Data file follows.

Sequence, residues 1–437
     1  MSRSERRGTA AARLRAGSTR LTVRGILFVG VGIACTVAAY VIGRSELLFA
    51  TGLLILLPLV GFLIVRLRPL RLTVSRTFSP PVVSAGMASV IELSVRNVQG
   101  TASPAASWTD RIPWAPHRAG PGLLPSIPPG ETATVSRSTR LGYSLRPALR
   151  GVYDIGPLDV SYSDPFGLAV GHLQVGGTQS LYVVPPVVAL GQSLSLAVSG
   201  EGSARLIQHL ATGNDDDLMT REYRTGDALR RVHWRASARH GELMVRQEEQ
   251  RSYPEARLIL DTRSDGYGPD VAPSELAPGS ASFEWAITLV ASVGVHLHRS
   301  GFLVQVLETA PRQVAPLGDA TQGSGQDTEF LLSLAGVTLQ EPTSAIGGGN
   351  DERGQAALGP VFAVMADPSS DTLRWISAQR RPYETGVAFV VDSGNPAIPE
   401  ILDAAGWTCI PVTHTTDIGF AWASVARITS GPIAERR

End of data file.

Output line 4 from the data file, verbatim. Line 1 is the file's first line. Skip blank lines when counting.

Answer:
   101  TASPAASWTD RIPWAPHRAG PGLLPSIPPG ETATVSRSTR LGYSLRPALR